Monday, September 22, 2008

Whirlwind to San Diego

Sailing Kamaya with the sun spilling orange into the sky and the wind on our sails, I can’t help but think how lucky we are and what a luxury and a privilege this adventure is for us.

It’s been a whirlwind of a week full of wind, howling wind, little wind, no wind and perfect wind all together bringing us south to San Diego. That’s where I am comfortably writing as Maya and Kai are swimming in the San Diego Yacht Club pool. When I left you last, we were in Ventura. We sailed to Smugglers Cove on Santa Cruz Island in the Channel Islands, spent a night at Marina Del Rey where we met up with brother Ethan, picked up Karen and Martin Reimer and sailed overnight to San Diego.

When we arrived at Santa Cruz Island, a 100 foot military ship was testing missiles so we couldn't go farther than Smuggler's Cove. The waves crashed on shore and we took our dinghy the first visit, but opted to swim the next time. When I was five the under tow, not under toad, yanked me under at Baker's Beach in San Francisco, and since then I've always been scared of waves. So after harvesting walnuts on shore and imagining what life was like for the people who settled there in 1889, we were ready to swim back to the boat. Tim took Kai through the surf and Maya and I stuck together.

Traveling with kids, adults are supposed to act confident and hide all trepidations. As we walked towards the waves, I held Maya's hand. "Not this one," I kept saying as I tried to count the waves and find a small set for us to swim through. Finally, I thought the waves had gotten smaller so we swam hard, only to both be pummeled by waves and pulled under feeling like clothes in a washing machine with sand up our noses and pushed back to shore. Strong swimmer Maya took it well compared to her mother who hyperventilated. We both finally made it through the surf and back to our safe abode on Kamaya. Next time, Maya wants to go with her Dad, but maybe next time, I'll be a little wiser.

We left Santa Cruz Island Friday at 2 in the morning for a 60 mile sail to Marina Del Rey. We wanted to make it for brother Ethan's fundraiser. With Sarah Palin elevated to the high position of Vice-Presidential Candidate, "people from Outside" -- that's what Alaskans call those living in the lower 48 -- are interested in Alaskan politics.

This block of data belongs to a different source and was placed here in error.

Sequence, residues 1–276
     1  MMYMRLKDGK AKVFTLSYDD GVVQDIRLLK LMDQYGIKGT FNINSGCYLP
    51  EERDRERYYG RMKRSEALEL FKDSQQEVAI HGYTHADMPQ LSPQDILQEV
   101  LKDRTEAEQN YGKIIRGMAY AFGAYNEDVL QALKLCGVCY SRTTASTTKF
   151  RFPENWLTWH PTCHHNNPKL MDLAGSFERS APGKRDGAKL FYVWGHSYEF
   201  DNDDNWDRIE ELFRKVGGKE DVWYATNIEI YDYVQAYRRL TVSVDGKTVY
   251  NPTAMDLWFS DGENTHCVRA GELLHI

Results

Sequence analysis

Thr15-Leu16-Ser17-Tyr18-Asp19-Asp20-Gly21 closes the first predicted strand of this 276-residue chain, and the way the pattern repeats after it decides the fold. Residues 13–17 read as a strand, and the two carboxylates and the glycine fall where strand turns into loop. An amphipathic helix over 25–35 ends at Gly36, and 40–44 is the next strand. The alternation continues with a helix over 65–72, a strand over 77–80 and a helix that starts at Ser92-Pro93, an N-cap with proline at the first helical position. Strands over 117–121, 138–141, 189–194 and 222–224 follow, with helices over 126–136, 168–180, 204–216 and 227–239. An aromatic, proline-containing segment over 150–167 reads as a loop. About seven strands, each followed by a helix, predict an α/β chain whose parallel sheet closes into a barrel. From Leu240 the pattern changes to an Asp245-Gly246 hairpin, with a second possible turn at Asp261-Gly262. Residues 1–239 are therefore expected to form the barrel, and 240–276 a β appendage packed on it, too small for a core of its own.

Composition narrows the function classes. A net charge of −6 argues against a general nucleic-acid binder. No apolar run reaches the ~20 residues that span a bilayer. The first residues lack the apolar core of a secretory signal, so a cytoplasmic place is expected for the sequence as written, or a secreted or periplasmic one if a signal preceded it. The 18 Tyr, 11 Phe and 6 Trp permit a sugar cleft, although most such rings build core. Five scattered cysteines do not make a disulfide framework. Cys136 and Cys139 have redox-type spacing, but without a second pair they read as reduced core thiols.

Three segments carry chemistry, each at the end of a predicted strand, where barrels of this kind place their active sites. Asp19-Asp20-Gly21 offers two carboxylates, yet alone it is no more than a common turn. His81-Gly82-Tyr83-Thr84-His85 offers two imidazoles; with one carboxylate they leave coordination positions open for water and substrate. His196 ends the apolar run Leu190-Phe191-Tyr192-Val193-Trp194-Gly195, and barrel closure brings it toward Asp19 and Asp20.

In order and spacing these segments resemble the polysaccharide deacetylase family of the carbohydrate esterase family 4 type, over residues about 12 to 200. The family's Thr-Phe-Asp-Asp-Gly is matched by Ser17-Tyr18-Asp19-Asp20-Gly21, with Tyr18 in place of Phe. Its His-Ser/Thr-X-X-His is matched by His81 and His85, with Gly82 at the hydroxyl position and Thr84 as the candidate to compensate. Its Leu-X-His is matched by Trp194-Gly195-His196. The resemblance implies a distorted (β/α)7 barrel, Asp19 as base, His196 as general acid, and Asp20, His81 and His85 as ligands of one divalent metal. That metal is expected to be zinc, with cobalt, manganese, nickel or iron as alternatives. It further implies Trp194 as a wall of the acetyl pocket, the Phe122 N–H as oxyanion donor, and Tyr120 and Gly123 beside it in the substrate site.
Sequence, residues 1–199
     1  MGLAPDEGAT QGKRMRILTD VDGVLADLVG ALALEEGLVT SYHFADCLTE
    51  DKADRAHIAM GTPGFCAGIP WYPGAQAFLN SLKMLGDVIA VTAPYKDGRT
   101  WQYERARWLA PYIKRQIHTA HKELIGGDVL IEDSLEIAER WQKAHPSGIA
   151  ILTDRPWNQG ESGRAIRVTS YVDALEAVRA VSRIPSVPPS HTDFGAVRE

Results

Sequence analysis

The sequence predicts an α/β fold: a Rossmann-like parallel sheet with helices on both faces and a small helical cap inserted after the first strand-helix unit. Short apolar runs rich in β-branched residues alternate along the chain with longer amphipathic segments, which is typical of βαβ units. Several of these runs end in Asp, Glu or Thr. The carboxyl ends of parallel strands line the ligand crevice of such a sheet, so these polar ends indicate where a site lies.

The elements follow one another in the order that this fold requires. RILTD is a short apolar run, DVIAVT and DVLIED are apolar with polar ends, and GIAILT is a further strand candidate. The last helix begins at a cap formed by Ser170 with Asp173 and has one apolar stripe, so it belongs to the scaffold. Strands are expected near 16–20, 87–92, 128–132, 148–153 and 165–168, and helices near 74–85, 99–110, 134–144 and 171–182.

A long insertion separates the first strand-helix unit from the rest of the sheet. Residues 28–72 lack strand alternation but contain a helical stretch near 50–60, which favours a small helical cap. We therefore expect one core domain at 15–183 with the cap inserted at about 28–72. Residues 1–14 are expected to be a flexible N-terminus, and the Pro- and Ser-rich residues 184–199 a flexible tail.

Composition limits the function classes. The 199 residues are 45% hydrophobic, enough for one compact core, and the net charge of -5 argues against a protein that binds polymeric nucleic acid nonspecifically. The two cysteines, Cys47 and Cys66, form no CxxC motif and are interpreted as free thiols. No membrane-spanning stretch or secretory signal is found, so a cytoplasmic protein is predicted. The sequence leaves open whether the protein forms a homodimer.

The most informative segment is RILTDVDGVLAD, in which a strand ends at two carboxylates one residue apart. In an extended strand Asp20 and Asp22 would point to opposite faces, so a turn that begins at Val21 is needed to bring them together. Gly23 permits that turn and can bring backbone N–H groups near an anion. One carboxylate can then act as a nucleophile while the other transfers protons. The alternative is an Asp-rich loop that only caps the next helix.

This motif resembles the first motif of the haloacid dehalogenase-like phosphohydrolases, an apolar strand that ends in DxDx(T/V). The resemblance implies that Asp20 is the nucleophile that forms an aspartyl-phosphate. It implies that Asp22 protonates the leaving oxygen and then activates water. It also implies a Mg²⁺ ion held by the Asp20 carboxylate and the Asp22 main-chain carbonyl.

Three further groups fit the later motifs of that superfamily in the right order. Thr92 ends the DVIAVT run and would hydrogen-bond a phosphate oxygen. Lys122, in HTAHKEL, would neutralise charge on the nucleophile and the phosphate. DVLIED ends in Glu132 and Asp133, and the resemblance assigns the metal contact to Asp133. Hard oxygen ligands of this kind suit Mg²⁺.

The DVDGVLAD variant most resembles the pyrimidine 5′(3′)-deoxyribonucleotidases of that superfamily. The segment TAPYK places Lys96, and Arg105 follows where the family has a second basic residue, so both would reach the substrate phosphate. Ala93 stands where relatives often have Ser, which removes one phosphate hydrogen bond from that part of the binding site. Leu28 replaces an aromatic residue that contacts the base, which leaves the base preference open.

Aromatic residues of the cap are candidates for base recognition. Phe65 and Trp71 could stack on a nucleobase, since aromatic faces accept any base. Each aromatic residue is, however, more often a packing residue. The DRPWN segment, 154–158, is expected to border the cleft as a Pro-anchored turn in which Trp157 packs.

Ethan is running for the sole Congressional seat in Alaska and is remarkably 12 points ahead of his Republican opponent Don Young. Please take a look at his website, and if you can make a donation. It was great for us to take a break from boat life and watch Ethan field questions about Sarah Palin and solving problems in the Middle East. It was equally great for Ethan to take a break from the campaign trail, and visit our home. He said it felt like "comfort food."

Karen Reimer (my bell sister as when we sailed together at UC Berkeley we were dubbed "Ding and Dong") and her teenage son, Martin, joined us in Los Angeles. They drove our white van down from the Bay Area and were ready for some more motion -- the sail to San Diego. Only moments after Mary Jane Heppe from Hood River who happened to be in LA with her son Keenan, set our dock lines free, Martin felt a little queezy. He suffered through our sail (the drugs kicked in) and photographed all the lighthouses along the way. Karen got a dose of the night shift where we have to be on the lookout for the tankers crossing our path.

In San Diego we received our new Ullman main, which cousin Delphine who lives here, says is just like getting a "boob job" as you have to look good in Southern California. So we're enjoying the good life, looking hot, and gearing up for our sail to Ensenada.


rod said...

So happy to hear you are safe and sound in Sandy Eggo. Now it's time to get the HELL out of the states before our financial system crashes and we all go back to live in caves. Hey, how you gonna vote for Obama?
We are REALLY enjoying your I said we are just 3 years behind you.
rod and wendy

Tom said...

Love hearing about your adventure! My wife went on a similar cruise with her family when she was 11, and her brother in Hood River told me about your blog. I was in the Sea Scouts in the S.F. Bay Area all through High School, and love being out on the water. Enjoy the experience, stay safe, and I look forward to reading more of your posts!


Karen said...

hello dear ruthie (ding dong) and fellow travelers on the SV Kamaya -
thanks for the opportunity you gave me to see the world from a different perspective - out at sea-incredible! and although i would not describe my whirlwind 22 hours on the boat as all "fun" (we had our moments), i will always remember the adventure. Wish i could have struggled through a longer night shift. Next time. bon voyage

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